Savings, debt… The finances of the French are normalizing following the Covid crisis

The financial situation of businesses and French households, turned upside down by the Covid-19 crisis, was on the way to normalization at the end of January 2022, indicated the Banque de France in its quarterly note published on Thursday.

What emerges from 2021 and especially from the end of the year is the beginning of a normalization of financial flows after the exceptional period of 2020 and the start of 2021, at the height of the health crisis, Olivier summed up. Garnier, director general of the central bank, during a press briefing.

Regarding companies, over the whole of 2021, the outstanding net debt reached 1027 billion euros at the end of December, against 995 billion at the end of 2020 and 990 billion at the end of 2019, indicates the Banque de France.

Over a more precise period covering the fourth quarter of 2021 and January 2022, the increase in the stock of corporate net debt tends to return to a rate closer to its pre-Covid trend – around 4% per year in average over the previous two decades, raises the note.

Lower oversavings in 2021 than in 2020

With regard to households, the Covid crisis had generated a very large increase in the flow of investments and financial savings, leading to a surplus of savings, recalled Olivier Garnier. Over the whole of 2021, financial savings amounted to 134 billion euros, significantly lower than 2020 (184 billion) but almost double that of 2019 (67 billion).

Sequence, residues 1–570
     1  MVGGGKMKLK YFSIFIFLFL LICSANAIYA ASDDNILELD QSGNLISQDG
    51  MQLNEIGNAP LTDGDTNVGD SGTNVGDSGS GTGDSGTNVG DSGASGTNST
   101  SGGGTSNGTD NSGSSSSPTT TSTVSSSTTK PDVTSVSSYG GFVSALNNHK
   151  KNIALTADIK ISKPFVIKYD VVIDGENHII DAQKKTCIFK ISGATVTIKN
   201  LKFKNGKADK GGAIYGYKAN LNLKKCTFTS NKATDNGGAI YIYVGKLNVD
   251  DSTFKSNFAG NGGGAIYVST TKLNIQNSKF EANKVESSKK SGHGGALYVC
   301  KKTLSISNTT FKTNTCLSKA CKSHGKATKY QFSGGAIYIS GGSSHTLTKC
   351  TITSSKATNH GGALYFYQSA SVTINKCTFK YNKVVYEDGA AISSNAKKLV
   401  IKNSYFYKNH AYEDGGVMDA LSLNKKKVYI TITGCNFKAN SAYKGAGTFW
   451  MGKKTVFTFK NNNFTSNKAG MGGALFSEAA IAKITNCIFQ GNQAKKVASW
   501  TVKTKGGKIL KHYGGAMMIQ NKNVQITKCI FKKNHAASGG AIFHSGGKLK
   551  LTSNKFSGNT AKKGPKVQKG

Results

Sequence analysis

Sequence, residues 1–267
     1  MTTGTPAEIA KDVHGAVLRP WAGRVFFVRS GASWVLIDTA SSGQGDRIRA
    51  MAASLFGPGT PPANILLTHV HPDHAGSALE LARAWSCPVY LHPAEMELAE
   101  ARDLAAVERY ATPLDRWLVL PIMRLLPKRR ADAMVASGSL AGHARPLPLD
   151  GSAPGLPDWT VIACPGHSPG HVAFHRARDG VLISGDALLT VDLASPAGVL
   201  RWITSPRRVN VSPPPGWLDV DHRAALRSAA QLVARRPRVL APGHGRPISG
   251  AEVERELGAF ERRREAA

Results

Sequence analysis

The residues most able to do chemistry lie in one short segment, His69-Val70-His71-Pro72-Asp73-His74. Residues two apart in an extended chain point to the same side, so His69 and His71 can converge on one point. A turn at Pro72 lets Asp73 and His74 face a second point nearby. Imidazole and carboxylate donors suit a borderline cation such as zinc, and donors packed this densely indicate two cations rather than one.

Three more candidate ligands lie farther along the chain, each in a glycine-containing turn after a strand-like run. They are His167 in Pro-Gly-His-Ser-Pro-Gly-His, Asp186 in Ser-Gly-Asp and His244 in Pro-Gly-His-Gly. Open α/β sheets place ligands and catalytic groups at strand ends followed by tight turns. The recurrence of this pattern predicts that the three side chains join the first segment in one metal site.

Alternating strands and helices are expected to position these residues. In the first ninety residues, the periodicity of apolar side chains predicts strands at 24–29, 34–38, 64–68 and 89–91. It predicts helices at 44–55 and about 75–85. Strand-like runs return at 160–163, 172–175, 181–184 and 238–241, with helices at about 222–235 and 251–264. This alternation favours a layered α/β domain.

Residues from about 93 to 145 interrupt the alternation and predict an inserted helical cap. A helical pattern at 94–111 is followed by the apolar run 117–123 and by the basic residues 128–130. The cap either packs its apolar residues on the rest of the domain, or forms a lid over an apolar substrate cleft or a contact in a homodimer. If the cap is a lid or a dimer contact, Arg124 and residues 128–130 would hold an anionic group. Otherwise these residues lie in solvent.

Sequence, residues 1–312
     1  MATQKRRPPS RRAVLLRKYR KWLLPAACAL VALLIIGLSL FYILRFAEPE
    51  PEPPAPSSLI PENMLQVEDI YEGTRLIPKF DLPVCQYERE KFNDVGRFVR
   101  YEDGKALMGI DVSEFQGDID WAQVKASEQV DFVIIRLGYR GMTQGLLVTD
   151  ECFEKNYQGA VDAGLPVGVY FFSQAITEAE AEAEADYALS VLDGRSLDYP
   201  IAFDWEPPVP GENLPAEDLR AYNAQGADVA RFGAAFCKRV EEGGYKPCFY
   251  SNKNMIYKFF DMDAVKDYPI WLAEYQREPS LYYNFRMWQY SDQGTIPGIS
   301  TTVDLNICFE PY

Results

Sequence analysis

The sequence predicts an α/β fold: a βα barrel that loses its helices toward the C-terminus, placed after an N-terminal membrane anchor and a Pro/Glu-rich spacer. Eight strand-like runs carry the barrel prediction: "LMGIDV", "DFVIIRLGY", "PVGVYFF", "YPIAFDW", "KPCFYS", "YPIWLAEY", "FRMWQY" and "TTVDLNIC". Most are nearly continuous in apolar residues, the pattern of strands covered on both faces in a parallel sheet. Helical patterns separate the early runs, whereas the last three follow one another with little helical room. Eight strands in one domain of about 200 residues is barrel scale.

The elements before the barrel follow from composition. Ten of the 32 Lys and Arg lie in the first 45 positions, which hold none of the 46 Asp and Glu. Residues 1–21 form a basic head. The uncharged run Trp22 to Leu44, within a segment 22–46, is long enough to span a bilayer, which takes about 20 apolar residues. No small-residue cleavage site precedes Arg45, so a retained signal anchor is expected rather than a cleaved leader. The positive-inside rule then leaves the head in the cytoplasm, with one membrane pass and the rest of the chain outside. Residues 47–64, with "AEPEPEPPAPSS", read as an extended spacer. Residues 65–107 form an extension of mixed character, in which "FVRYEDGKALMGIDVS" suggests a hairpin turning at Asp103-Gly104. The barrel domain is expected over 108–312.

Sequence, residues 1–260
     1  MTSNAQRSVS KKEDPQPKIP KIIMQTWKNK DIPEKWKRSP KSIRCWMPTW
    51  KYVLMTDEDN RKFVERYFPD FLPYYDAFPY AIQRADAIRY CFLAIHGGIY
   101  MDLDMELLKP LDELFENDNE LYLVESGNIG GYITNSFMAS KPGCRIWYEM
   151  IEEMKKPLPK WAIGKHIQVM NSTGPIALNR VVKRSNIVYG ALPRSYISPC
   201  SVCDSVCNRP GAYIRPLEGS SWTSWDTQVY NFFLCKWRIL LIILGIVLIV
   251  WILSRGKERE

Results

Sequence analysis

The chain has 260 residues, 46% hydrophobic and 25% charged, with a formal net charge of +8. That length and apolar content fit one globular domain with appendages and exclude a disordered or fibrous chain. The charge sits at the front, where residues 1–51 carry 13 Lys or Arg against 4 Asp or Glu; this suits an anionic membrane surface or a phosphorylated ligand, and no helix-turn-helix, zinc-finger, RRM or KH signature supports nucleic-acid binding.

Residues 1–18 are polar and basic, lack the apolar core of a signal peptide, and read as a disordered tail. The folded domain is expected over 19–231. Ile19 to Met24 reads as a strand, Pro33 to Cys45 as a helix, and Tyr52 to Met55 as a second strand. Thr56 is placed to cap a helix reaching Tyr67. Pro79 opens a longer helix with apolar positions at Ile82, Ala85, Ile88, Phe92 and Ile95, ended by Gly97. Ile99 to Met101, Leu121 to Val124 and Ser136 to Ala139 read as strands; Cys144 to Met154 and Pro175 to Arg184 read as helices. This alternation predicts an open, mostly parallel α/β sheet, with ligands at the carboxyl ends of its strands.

At the end of 2021, it returned to a quarterly level which is still a little above the 2017-2018 period but which is approaching it, there is also the start of normalization, underlines Olivier Garnier.

The central bank also notes that in January, investments in the form of bank deposits are again dynamic, after a slowdown observed in the fourth quarter of 2021. This dynamism may have been fueled by the announcement of the increase in interest rates for savings accounts. A and the sustainable and solidarity development booklet (LDDS), which may have motivated some households to turn to these investments.

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